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Febuary 2002

FEBUARY 2002 Issue

Vol. 1 Issue # 10
February 2002 issue


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This on-line e-maga-zine is published and edited by:

The Way Ministries


This e-maga-zine will contain the following sections.

Main article
Inspirational Story.
Womens Section.
News Story.
Featured Web Sites in this Issue.




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Whether you turn to the right or to the left, your ears will hear a voice behind you saying,
Last month we ran the first article in this series on modern persecution. Below is the final article in this series. We hope that you have enjoyed this new series.
However as the Way Ministries stands for the Re-establishment of the New Testament Church, it is appropriate for us to run these articles at this time. We as Christians must be prepared to take our stand for the truth. We would also be interested in any news items that you may have to place on our on line E-Maga-zine

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Blessed are the persecuted
Modern tales of courage
When our region of the Ukraine (Bucovina) became part of the USSR after the second world war (1945), it was forbidden to worship God behind the wall of the houses of Prayer. All kinds of evangelism or missionary activity were persecuted and punished by five years in prison. But despite brutal persecution, our Christian youth used the Christmas holidays for evangelization. They sent groups of youth to every village. They visited every peasant house, sang Christian songs and recited poems there.
The matter was, there was such a tradition from pagans to celebrate their winter holidays by singing and dancing. During that holiday all the doors of the houses were opened and groups of people went from one house to another to sing songs, to dance and recite funny poems there. Before leaving the hosts gave them a few coins, pieces of pie, some sausage or a bottle of vodka for their singing. Of course the context of songs was far from Christian as a rule. So our Christian youth used that possibility to enter peoples houses for evangelization. After their singing they left the hosts Christian literature and invitations to the local church.
They took a big risk. My brother Chornopisky Dimitro, our pastor, and twenty of the best young singers from our church were the first believers who reached the regions up in the mountains, about 100 miles from our city. In one house a peasant was connected with police and they were arrested. They were tortured the whole night long. On their turning back home to Chernivtsi they paid 50 rubles penalty and several of them were thrown from their work. The people who accepted them from that village were punished too.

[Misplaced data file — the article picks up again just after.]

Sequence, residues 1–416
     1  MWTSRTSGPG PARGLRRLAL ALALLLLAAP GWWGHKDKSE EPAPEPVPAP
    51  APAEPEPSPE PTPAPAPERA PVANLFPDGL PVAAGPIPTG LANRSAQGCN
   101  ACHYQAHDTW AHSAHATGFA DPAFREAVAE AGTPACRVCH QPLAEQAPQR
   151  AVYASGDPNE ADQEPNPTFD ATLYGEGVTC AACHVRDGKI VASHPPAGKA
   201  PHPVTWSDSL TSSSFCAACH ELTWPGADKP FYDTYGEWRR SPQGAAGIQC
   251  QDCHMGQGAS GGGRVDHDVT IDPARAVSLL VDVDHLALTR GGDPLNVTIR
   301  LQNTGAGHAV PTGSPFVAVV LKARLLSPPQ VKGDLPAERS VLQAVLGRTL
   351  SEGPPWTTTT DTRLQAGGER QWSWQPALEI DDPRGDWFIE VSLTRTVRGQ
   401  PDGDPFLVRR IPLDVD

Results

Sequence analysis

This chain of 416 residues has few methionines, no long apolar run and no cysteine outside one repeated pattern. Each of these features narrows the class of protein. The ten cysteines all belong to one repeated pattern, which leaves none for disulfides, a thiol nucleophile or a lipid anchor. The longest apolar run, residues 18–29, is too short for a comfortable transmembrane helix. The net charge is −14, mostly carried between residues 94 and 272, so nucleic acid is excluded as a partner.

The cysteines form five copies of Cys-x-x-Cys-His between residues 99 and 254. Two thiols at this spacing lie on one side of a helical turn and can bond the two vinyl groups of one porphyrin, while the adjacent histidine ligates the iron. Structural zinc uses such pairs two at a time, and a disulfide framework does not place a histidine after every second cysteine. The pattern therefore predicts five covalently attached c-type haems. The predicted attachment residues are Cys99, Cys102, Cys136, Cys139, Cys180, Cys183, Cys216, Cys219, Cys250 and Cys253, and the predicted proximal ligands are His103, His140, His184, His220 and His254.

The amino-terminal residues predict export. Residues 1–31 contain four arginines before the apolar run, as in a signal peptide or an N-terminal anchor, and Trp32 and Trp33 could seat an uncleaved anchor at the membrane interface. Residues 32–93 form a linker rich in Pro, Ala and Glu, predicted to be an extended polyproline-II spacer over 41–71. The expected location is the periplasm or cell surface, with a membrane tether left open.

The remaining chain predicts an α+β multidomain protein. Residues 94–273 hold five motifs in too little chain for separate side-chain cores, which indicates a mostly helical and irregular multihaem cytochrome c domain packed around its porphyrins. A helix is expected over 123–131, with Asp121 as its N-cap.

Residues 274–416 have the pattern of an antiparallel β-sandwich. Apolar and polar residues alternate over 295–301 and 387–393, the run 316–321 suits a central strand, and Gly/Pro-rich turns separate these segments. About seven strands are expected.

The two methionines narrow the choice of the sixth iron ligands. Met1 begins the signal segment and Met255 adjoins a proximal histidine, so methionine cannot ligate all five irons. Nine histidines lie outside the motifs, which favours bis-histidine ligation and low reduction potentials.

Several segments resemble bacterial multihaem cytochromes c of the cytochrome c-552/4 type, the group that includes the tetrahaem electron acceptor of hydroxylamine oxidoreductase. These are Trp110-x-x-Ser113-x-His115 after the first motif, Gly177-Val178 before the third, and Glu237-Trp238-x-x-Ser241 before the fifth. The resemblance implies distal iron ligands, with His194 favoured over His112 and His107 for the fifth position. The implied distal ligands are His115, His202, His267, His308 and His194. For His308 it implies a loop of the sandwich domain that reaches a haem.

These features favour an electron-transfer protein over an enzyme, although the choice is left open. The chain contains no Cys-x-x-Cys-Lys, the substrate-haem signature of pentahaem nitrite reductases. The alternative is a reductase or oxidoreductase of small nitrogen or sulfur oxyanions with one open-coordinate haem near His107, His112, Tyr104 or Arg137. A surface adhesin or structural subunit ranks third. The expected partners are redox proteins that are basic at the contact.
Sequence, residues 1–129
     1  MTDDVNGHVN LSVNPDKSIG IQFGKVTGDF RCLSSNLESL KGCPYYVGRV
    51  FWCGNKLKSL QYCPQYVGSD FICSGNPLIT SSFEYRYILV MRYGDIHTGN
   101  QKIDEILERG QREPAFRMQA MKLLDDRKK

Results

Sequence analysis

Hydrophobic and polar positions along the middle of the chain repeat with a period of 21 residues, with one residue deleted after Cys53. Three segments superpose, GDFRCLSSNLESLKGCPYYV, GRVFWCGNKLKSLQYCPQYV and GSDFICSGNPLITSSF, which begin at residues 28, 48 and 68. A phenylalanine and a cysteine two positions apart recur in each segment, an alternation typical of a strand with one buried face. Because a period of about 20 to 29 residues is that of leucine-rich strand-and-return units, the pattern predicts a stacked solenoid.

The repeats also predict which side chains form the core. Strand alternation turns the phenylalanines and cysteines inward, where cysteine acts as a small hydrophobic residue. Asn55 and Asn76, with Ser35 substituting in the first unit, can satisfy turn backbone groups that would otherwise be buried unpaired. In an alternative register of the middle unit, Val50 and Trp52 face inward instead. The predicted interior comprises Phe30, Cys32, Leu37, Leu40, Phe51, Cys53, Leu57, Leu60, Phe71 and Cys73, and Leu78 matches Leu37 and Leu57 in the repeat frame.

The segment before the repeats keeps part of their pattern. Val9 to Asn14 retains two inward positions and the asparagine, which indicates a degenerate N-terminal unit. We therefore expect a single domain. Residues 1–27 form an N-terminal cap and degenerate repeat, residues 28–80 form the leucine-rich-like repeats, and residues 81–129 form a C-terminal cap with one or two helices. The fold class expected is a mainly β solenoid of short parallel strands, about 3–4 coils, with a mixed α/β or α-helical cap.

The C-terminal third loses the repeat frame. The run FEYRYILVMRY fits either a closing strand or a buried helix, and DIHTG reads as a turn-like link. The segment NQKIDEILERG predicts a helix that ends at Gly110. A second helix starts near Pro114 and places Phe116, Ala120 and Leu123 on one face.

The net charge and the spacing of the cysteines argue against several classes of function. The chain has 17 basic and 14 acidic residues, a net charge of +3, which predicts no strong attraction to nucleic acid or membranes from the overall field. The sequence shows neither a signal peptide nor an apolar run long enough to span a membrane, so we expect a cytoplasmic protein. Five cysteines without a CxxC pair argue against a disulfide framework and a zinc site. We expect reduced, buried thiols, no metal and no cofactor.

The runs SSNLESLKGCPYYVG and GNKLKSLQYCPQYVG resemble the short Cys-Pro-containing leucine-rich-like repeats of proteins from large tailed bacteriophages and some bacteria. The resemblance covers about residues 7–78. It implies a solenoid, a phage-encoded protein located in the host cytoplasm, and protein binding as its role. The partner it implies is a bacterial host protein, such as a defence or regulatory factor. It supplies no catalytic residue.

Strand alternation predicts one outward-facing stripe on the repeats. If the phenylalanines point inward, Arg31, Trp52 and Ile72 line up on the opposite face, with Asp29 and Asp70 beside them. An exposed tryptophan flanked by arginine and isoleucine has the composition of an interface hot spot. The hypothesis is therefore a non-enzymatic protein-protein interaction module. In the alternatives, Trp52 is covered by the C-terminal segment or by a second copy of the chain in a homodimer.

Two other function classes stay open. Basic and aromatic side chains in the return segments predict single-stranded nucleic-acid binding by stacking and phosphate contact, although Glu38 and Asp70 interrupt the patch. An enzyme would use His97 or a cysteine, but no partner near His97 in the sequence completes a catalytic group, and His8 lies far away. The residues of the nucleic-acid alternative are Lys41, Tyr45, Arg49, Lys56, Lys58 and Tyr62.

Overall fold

That was real love to God that moved them. Older people say their faith was stronger then. It usually happens during the time of persecution. Those who had no strong faith were not able to go through trials. One of our older pastors said The bigger the cross, the closer the Heavens. Now we enjoy freedom to celebrate all the Christian holidays. And our children are permitted to visit churches and to praise the Lord there. Where my brother was tortured, there are now 3 churches in that village.
- Valya Zastankevich, Chenivtsi, Ukraine
I converted from Islam to Christianity in 1996 in Morocco. When I told my father, he wrote me out of his will and told my mother that if she talked to me, he would divorce her. A man came to see me and told me I was crazy. He hit me in the face with a knife and beat me. Blood was coming down. I called the police and they were very angry at me. No one could help me. I cried, Oh God, you have brought me to this religion and no one can help me.
I was severely tortured for two weeks and went through many troubled times, but now I work for the Salvation Army in Switzerland as a missionary, visiting refugee camps. Another Muslim and I have a vision together to do something in Europe to encourage Muslims to know Jesus. I became a new person, like a white bird, free in my heart with no hate, and no doubts, and Jesus is the Savior.
Christians around the world must pray for the terrorists who have been blinded the devil. Christians must change the world. it is very important.
Matthew Kchira 29 Zurich, Switzerland

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Search Me, Lord
Remember when you were young and your mom asked you to clean your room? To avoid the task, you would take all of the clothes and your other junk and shove them in the closet, hide them under the bed and put them anywhere else that wasn't readily apparent to the naked eye. Mom would come in and say, "Your room looks beautiful!" But you knew the truth. Sooner or later, Mom caught on and stuffing things in the closet just wouldn't do it. You REALLY had to clean your room.
Some of us, as adults, still have things in our closets. Some of these things are things we consciously stuffed in the closet and some of them we didn't realize were in there. Some of those things are hurts we don't want to remember or things in the past we would rather forget. Some of them are habits we know we should have gotten rid of long ago. And some of those items are blocking our way to God.
That's why we as Christians need to regularly go into our secret closet -- the secret place where you and the Lord rendezvous. It's only in that place where God will go into the closet of our lives and remove fear, doubt, unforgiveness, pain and unconfessed sin. But there's a prerequisite to God doing a "strip search" of the heart. You must ask Him to search your heart. You see, my God does not perform invasive surgical procedures of the heart without your permission. In order to enter into the cracks and the crevices, the nooks and the crannies of your heart, He must be invited.